Spooky Vibrations: Finding Brings Quantum Computers a Bit Closer

a micro-drum and circuit that could be used as a storage device in quantum computers,
Researchers have demonstrated that a micro-drum (shown here in a colorized image with a circuit) might be used as a memory device in future quantum computers. (Image credit: Teufel/NIST)

Imagine that two people could get linked in such a way that they could influence each other no matter where in the universe they existed. Now scientists find they can entangle mechanical vibrations in this same way, findings that could help enable quantum computers far more powerful than normal computers.

In the bizarre realm of quantum physics, the particles that make up everything can behave in strange ways. For instance, a particle can apparently exist in two or more places at once, and two or more particles can get linked so they stay in sync instantaneously no matter how far apart they are. Einstein derisively called this seemingly impossible connection "spooky action at a distance" — scientists nowadays give it the name quantum entanglement.

Researchers have previously entangled particles such as atoms, electrons and photons. Now scientists have entangled mechanical vibrations within a microscopic drum. [Wacky Physics: The Coolest Little Particles in Nature]

This pattern is created when scientists send a laser beam through a crystal, occasionally producing a connected pair of twin photons. These photons will always be separated from each other by 180 degrees around the circle. (Image credit: NIST)

"Entanglement is the distilled essence of the strange behavior associated with quantum mechanics," researcher Tauno Palomaki, a physicist at the National Institute of Standards and Technology and the University of Colorado, told LiveScience. "What is most exciting to me is that we can see this behavior in an object much different than those usually associated with quantum mechanics such as an atom or photon. Our mechanical oscillator is a much more tangible object."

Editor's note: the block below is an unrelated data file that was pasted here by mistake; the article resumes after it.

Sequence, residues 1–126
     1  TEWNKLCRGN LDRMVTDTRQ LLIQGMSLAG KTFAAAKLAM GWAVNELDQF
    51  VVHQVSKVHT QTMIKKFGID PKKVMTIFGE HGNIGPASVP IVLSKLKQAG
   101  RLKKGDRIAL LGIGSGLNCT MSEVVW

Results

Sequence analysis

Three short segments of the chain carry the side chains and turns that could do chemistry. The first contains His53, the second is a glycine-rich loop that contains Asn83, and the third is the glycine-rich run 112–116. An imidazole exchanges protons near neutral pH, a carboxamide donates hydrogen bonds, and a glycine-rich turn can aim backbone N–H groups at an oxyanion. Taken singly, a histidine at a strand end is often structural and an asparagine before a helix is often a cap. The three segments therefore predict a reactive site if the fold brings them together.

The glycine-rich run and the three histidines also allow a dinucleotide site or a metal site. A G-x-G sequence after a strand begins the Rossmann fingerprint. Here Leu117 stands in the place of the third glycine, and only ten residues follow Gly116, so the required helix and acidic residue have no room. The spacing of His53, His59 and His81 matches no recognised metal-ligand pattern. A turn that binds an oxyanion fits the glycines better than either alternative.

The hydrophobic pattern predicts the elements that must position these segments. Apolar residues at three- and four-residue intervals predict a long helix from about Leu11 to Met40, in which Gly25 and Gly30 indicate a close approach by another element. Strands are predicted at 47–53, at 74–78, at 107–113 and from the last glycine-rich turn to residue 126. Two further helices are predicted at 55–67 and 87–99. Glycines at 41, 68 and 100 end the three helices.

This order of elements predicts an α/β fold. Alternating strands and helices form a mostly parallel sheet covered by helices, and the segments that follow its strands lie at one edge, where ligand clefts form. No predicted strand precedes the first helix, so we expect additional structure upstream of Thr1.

For the new study, Palomaki and colleagues devised an aluminum drum 15 micrometers wide, about a sixth the width of an average human hair, and only 100 nanometers thick, or 1,000 times thinner than an average human hair. The researchers kept it cooled to a temperature just 20 thousandths of a degree above absolute zero, to keep heat from vibrating the drum in uncontrolled ways.

The researchers hooked this drum up to an electromechanical circuit that made it vibrate about 10 million times per second. An electrical signal then caused the drum's motion to become entangled with another electrical signal so that the vibrations matched each other in such features as the strength of fluctuations.

Entanglement has technological uses. For instance, entanglement is key for quantum computers that can, in theory, solve certain problems far beyond regular computers, and for quantum teleportation of data from one place to another.

"If one could build a computer that used the quantum property of entanglement, it could solve certain problems more rapidly than any conventional computer. Likewise, if two people can use entanglement when they communicate, the laws of quantum mechanics guarantee that their link is known to be secure against an eavesdropper," Palomaki said. "Both applications require the ability to generate and store entanglement, something that our result has simplified."

The drum stored quantum entanglement in the form of vibrational energy for at least 10 microseconds. This ability to store entanglement for a brief time suggests it could help serve as quantum memory in future quantum computers the way memory chips serve in conventional computers.

"Having a quantum memory element allows you to control the timing involved with quantum interactions," Palomaki said.

Besides applications such as quantum computers, scientists want to learn more about the boundary that lies between where quantum physics ends and classical physics begins.

"One of the deep questions in science is if quantum mechanics is the correct description of nature for objects of all sizes, or if there is some as-yet-unknown principle that sets a maximum size for an object to behave quantum mechanically," Palomaki said. The microscopic drum could help scientists probe this question, he said.

The scientists detailed their findings online today (Oct. 3) in the journal Science.

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Charles Q. Choi
Live Science Contributor
Charles Q. Choi is a contributing writer for Live Science and Space.com. He covers all things human origins and astronomy as well as physics, animals and general science topics. Charles has a Master of Arts degree from the University of Missouri-Columbia, School of Journalism and a Bachelor of Arts degree from the University of South Florida. Charles has visited every continent on Earth, drinking rancid yak butter tea in Lhasa, snorkeling with sea lions in the Galapagos and even climbing an iceberg in Antarctica.